Journal of Clinical and Diagnostic Research, ISSN - 0973 - 709X

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Thanking you
With sincere regards
Dr. Rajendra Kumar Ghritlaharey, M.S., M. Ch., FAIS
Associate Professor,
Department of Paediatric Surgery, Gandhi Medical College & Associated
Kamla Nehru & Hamidia Hospitals Bhopal, Madhya Pradesh 462 001 (India)
On May 11,2011

Dr. Shankar P.R.

"On looking back through my Gmail archives after being requested by the journal to write a short editorial about my experiences of publishing with the Journal of Clinical and Diagnostic Research (JCDR), I came across an e-mail from Dr. Hemant Jain, Editor, in March 2007, which introduced the new electronic journal. The main features of the journal which were outlined in the e-mail were extensive author support, cash rewards, the peer review process, and other salient features of the journal.
Over a span of over four years, we (I and my colleagues) have published around 25 articles in the journal. In this editorial, I plan to briefly discuss my experiences of publishing with JCDR and the strengths of the journal and to finally address the areas for improvement.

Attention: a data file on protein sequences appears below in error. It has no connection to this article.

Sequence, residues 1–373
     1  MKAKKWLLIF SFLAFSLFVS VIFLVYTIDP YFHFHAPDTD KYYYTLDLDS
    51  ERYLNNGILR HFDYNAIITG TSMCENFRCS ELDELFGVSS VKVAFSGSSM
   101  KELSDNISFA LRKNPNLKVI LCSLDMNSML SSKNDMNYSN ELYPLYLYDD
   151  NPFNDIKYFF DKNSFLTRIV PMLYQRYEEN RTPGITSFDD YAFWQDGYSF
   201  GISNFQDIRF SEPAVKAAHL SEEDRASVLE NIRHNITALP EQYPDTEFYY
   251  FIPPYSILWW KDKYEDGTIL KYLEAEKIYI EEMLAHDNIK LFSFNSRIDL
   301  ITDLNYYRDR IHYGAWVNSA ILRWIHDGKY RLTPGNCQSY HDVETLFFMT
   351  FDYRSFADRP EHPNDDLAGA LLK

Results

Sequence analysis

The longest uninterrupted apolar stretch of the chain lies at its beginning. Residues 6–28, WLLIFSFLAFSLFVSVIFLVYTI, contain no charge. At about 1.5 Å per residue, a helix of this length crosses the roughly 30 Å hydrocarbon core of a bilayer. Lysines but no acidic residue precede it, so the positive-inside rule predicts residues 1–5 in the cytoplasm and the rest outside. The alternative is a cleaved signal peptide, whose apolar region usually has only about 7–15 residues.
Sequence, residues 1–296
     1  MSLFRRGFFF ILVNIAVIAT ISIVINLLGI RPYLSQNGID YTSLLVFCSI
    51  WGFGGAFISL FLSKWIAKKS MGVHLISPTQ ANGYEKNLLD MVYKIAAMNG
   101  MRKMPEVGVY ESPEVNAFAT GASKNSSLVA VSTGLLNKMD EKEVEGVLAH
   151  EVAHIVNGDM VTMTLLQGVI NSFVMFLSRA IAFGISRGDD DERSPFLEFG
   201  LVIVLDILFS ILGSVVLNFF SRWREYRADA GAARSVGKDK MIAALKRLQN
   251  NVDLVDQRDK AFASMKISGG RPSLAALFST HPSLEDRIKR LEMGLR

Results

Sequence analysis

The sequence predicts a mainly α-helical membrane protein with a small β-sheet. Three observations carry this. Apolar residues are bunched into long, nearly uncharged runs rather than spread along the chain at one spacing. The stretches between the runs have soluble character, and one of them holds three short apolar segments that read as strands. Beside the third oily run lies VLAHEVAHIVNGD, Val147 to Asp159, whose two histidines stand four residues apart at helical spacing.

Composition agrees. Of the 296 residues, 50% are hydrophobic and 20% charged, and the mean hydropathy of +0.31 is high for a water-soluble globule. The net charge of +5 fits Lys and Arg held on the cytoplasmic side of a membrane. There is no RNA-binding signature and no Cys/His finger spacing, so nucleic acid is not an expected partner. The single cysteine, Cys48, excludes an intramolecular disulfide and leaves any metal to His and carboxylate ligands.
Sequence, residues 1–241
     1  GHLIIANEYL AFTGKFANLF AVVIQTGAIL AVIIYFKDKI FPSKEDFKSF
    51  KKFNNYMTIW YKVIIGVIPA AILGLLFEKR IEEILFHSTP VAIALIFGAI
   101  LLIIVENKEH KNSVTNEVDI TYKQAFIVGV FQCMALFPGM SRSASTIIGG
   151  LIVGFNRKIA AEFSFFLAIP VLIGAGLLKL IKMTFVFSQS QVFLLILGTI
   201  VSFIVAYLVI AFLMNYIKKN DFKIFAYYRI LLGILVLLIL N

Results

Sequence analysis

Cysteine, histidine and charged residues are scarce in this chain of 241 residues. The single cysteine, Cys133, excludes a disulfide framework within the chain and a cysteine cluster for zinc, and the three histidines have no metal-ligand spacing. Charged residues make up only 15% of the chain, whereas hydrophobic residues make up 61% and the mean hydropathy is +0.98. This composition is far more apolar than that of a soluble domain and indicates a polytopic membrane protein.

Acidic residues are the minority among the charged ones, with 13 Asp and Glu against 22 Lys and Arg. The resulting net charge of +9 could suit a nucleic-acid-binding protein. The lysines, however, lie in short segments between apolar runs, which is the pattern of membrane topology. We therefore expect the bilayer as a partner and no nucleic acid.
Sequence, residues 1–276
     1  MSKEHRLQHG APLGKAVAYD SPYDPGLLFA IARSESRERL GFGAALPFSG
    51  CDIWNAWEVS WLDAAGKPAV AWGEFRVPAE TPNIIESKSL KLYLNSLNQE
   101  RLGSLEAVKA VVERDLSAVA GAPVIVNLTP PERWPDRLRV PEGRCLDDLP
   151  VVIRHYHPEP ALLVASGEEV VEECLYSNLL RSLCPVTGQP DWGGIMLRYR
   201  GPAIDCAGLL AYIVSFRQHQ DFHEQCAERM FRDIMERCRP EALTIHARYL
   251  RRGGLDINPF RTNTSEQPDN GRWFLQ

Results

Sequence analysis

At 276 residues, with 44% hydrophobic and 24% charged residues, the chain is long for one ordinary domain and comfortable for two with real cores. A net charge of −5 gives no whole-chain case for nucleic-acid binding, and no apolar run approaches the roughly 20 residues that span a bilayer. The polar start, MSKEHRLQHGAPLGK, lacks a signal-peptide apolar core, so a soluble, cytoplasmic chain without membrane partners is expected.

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Most of the manuscripts are published within 3 to 4 months of their submission if they are found to be suitable after the review process. JCDR is published bimonthly and the accepted articles were usually published in the next issue. Recently, due to the increased volume of the submissions, the review process has become slower and it ?? Section can take from 4 to 6 months for the articles to be reviewed. The journal has an extensive author support system and it has recently introduced a paid expedited review process. The journal also mentions the average time for processing the manuscript under different submission systems - regular submission and expedited review.